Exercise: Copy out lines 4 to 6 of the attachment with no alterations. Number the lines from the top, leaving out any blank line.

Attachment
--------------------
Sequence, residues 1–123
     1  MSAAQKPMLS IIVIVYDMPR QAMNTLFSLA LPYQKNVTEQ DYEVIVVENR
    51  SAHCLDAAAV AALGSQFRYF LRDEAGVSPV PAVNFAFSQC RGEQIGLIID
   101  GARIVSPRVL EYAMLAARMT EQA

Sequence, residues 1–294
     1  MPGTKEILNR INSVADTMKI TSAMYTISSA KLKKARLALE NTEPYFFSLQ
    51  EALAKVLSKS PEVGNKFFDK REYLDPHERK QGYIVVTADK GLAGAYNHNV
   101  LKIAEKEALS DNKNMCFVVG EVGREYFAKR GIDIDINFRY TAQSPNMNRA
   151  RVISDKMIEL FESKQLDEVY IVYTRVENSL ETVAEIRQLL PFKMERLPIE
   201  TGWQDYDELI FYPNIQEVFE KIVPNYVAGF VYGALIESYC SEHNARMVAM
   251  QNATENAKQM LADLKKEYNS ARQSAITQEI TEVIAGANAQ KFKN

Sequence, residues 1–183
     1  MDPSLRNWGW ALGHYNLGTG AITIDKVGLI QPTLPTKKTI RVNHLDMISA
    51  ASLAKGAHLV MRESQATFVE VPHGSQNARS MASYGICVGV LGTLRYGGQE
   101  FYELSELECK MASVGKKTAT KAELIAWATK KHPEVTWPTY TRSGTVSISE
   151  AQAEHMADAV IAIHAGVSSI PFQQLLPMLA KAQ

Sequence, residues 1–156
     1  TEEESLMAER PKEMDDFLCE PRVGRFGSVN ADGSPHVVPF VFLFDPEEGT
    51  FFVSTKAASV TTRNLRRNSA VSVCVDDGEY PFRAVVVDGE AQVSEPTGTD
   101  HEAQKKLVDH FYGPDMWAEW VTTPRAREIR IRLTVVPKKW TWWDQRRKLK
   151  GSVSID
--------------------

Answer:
   101  GARIVSPRVL EYAMLAARMT EQA

Sequence, residues 1–294
     1  MPGTKEILNR INSVADTMKI TSAMYTISSA KLKKARLALE NTEPYFFSLQ